Being the lovely kind people they are, they gracefully and kindly handle their rejection, and I try to tell them all of the tools that this rejection will create for them. I would be far more devastated if I did not believe that this was preparing them for greatness and this early rejection is a precursor to the great many rejections that lead to a successful and meaningful life.

 

Relephant:

College: Now, Later or Not at All?

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Author: Katie Schellenberg

Editor: Travis May

Photo: Wikipedia

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About Katie Schellenberg

Katie Schellenberg, a magna cum laude graduate herself, is the CEO and founder of BeyondTutoring.com, an educational concierge and academic advocacy approach that attempts to create and cultivate lifelong success through learning. Katie attended USC from her undergraduate degree, UCLA for her JD and USC, yet again, for her master’s in teaching. Katie is also a member of the California State Bar. She is passionate about learning and education; her background experience includes working with students with a wide range of disabilities, teaching a wide swath of subject matter and admissions consultations. Katie has also successfully and comprehensively advocated for students at all levels of education and tutored the under-served immigrant population to become United States citizens, among other endeavors. Her company’s commitment is to donate one hour of services and resources for every hour billed. You can also connect to Beyond Tutoring on Facebook and Twitter. You can also learn more at Learning Lab LA.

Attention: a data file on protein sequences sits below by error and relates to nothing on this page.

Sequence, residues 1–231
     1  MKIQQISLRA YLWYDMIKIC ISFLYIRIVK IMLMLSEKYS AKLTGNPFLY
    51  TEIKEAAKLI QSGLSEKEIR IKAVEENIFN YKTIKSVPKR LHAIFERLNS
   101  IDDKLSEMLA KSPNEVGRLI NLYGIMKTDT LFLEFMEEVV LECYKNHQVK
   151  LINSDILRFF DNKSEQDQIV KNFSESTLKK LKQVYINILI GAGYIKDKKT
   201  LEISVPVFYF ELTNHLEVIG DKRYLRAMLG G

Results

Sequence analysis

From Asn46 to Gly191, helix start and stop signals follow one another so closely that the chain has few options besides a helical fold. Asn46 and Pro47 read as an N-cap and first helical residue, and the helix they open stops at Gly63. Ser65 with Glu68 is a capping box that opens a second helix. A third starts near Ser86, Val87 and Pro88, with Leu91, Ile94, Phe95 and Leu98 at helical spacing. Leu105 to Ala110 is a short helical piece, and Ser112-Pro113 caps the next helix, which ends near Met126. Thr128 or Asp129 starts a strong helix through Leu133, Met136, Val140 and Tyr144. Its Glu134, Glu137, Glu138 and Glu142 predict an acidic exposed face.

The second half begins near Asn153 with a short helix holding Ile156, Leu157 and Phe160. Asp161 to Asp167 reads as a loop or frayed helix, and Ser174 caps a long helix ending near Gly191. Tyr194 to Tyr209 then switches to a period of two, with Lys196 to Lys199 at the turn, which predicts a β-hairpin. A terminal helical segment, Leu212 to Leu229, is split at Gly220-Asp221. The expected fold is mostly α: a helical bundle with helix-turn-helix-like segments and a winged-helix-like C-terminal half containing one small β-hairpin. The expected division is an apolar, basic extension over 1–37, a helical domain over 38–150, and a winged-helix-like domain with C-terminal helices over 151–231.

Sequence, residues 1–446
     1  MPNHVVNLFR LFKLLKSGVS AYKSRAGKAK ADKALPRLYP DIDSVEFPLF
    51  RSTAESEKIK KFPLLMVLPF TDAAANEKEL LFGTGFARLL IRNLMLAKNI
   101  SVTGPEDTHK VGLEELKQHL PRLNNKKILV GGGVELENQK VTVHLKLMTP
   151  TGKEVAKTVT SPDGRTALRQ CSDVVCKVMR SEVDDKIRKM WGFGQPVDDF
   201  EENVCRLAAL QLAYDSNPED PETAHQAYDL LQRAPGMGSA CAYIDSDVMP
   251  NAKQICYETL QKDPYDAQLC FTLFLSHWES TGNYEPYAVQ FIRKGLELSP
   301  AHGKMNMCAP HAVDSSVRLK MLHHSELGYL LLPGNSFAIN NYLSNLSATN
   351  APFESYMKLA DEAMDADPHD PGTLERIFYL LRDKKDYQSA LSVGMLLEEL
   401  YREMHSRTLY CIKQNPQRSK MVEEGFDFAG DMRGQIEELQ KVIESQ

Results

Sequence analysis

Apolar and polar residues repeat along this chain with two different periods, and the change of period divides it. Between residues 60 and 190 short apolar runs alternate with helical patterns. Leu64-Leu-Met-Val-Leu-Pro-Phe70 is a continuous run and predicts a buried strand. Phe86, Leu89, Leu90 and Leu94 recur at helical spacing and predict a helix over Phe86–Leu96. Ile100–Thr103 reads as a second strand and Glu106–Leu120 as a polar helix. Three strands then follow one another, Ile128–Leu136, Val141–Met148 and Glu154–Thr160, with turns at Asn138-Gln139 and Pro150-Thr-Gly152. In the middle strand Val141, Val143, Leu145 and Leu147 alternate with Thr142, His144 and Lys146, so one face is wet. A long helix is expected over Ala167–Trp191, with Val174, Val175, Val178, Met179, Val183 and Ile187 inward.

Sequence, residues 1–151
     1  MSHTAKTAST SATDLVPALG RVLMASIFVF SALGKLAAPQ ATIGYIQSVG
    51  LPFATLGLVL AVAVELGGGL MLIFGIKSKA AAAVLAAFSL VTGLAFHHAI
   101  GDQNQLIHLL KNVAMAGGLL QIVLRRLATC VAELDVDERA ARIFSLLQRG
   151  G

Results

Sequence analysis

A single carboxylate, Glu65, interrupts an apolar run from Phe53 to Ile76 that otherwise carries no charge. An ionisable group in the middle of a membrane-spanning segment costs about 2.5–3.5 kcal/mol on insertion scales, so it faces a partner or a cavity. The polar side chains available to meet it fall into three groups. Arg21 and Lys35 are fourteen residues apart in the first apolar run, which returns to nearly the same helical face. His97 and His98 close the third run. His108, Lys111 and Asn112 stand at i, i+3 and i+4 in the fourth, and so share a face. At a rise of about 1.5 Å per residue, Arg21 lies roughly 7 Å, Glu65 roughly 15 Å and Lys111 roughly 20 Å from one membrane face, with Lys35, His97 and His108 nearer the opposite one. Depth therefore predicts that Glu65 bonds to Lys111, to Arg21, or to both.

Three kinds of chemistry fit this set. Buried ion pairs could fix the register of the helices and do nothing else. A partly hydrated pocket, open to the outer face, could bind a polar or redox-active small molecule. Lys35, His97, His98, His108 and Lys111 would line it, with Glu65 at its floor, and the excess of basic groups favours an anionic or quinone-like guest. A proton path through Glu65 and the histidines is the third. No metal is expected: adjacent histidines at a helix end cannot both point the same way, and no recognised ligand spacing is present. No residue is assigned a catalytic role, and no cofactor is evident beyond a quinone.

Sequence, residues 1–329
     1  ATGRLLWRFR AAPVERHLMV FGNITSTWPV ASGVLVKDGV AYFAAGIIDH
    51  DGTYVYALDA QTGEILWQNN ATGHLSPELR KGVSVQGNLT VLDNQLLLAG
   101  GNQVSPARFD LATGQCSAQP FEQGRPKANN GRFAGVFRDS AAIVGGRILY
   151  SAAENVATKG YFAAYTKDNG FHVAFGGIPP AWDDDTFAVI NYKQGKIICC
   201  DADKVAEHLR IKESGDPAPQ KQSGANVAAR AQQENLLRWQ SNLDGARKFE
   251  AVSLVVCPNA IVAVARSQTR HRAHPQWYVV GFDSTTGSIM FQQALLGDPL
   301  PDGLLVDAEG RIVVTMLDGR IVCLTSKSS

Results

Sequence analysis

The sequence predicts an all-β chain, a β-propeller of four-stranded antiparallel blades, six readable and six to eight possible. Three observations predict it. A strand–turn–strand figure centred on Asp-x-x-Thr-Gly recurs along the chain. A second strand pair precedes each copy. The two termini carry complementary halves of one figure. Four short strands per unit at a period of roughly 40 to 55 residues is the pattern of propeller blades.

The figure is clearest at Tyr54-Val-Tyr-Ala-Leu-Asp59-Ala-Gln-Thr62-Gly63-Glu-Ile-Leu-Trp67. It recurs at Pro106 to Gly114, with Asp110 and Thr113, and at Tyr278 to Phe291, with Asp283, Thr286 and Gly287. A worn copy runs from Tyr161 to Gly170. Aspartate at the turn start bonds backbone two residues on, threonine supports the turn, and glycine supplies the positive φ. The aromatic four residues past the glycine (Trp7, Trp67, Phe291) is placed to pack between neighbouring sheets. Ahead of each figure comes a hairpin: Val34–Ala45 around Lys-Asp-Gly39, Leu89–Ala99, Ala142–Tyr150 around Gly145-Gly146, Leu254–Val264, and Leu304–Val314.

Comments

8 Responses to “Advice to a College Reject.”

  1. Krista says:

    Amazing piece! Such a great article!!!

  2. Chad says:

    What an inspiring and very realistic article. I will definitely be referring back to this when its time for my children to go to college. Brilliant author!

  3. Rachel D. says:

    As a college prep school administrator and teacher, I found the writer's insight and empathy as to this issue refreshing and much needed. Many students (and families) can benefit from reading this article.

  4. Rebecca says:

    So true! As difficult as rejection may be, the sooner we learn to adapt, bounce back, and move on to Plan B, the stronger and more successful we become. Great article!

  5. Susan says:

    As a recent college graduate myself, it seems like yesterday I was dealing with the daunting stress of college applications and rejections. I wish this article was around four years ago. It would have provided me with a reassuring outlook on life and made me re-evaluate the way I view myself and self esteem. Very uplifting and encouraging, I would love to meet this intelligent author!

  6. Randy says:

    I too have struggled with a disability myself which has made school very challenging. It's so nice to hear words of encouragment and know that you can still be successful despite your many struggles. Thanks for brightening my day Katie Schellenberg.

  7. Mary Davids says:

    So many well meaning parents attempt to shield their children from any adversity. This often results in young children to young adults being shocked to learn they don't always get what they want Ultimately, every person must stand on his or her own. Small rejections for young children teach them how to respond to larger rejections throughout life. Thank you, Katie Schellenberg, for the wonderful article and for the service you are rendering via your business model.

  8. Katie says:

    Thank you for the kind words!